Debian 12.1 released with bug fixes aplenty and excitement still in short supply
The next version, 'Trixie', is starting to take shape and boasts an additional official CPU architecture
The first point release in the Debian "Bookworm" series is here, but version 12.1 is a modest bugfix. It might be time for even the ultra-cautious to start taking a look.
Debian "Bookworm" got its first point release with the launch of version 12.1 last weekend. When we covered the release of version 12.0 in June, we called it excitement-free, and we meant that the good way: if you're managing Linux boxes in production, a lack of excitement is exactly what you want.
Over on Mastodon, we received a gentle telling-off for this: a veteran penguin-wrangler reminded us that experienced sysadmins do not deploy point-zero releases of anything anywhere, except in testing. If you want boringly predictable, you wait for at least version point-one. It's a fair argument, and that has long been our general policy with macOS releases: let the early adopters get their fingers burned, and wait for things to settle down.
Well, they are settling down. Looking at the release notes, 89 packages have been updated, including the CUPS printer package, Nvidia drivers, and both GNOME and MATE desktops, as well as 26 security updates.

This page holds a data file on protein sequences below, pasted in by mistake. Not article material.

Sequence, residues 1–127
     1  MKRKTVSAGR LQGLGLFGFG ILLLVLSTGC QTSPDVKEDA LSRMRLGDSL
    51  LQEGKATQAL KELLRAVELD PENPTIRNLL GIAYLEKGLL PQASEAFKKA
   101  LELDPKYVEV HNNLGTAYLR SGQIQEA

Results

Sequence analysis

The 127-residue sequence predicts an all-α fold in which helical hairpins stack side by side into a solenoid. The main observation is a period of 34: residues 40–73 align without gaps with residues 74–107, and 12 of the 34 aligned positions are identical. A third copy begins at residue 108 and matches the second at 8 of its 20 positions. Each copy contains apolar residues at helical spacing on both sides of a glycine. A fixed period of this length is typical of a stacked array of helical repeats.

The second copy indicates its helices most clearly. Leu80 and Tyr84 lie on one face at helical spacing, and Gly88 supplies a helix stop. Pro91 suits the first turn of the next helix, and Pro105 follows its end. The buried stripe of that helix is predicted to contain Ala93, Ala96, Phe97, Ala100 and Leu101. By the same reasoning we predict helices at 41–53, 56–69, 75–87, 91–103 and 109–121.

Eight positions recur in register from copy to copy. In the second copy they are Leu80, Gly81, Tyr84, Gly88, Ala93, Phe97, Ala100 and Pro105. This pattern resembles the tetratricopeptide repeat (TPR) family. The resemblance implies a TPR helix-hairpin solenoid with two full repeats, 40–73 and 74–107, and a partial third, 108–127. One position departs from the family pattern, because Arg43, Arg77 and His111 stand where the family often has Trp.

We updated our Lomiri test VM, and while it went perfectly smoothly, the prototype converged desktop environment is no more usable in 12.1 than it was in 12.0. That's to be expected in a Debian point release, which generally just contain bug fixes and updates, not whole new versions of components – a point which sometimes causes some angst among even the most noted software authors.
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For that, you will have to wait for Debian 13, which will be code named "Trixie". Although there's a placeholder page for its release notes, there is no version 13 to install as of yet – it's not expected until 2025 or so. However, a significant piece of info about the next major version was announced by developer Aurélien Jarno the day after 12.1: "Trixie" will officially support 64-bit RISC-V.
Even though there's nothing to install yet, the
riscv64 port's status page is starting to get some information. The plan is to start with a base set of about 90 core source packages, and work up from there.
This is separate to the 32-bit RISC-V port, although that page notes that as most 32-bit RISC-V hardware is extremely low-end, it may not be usefully able to run Debian at all. ®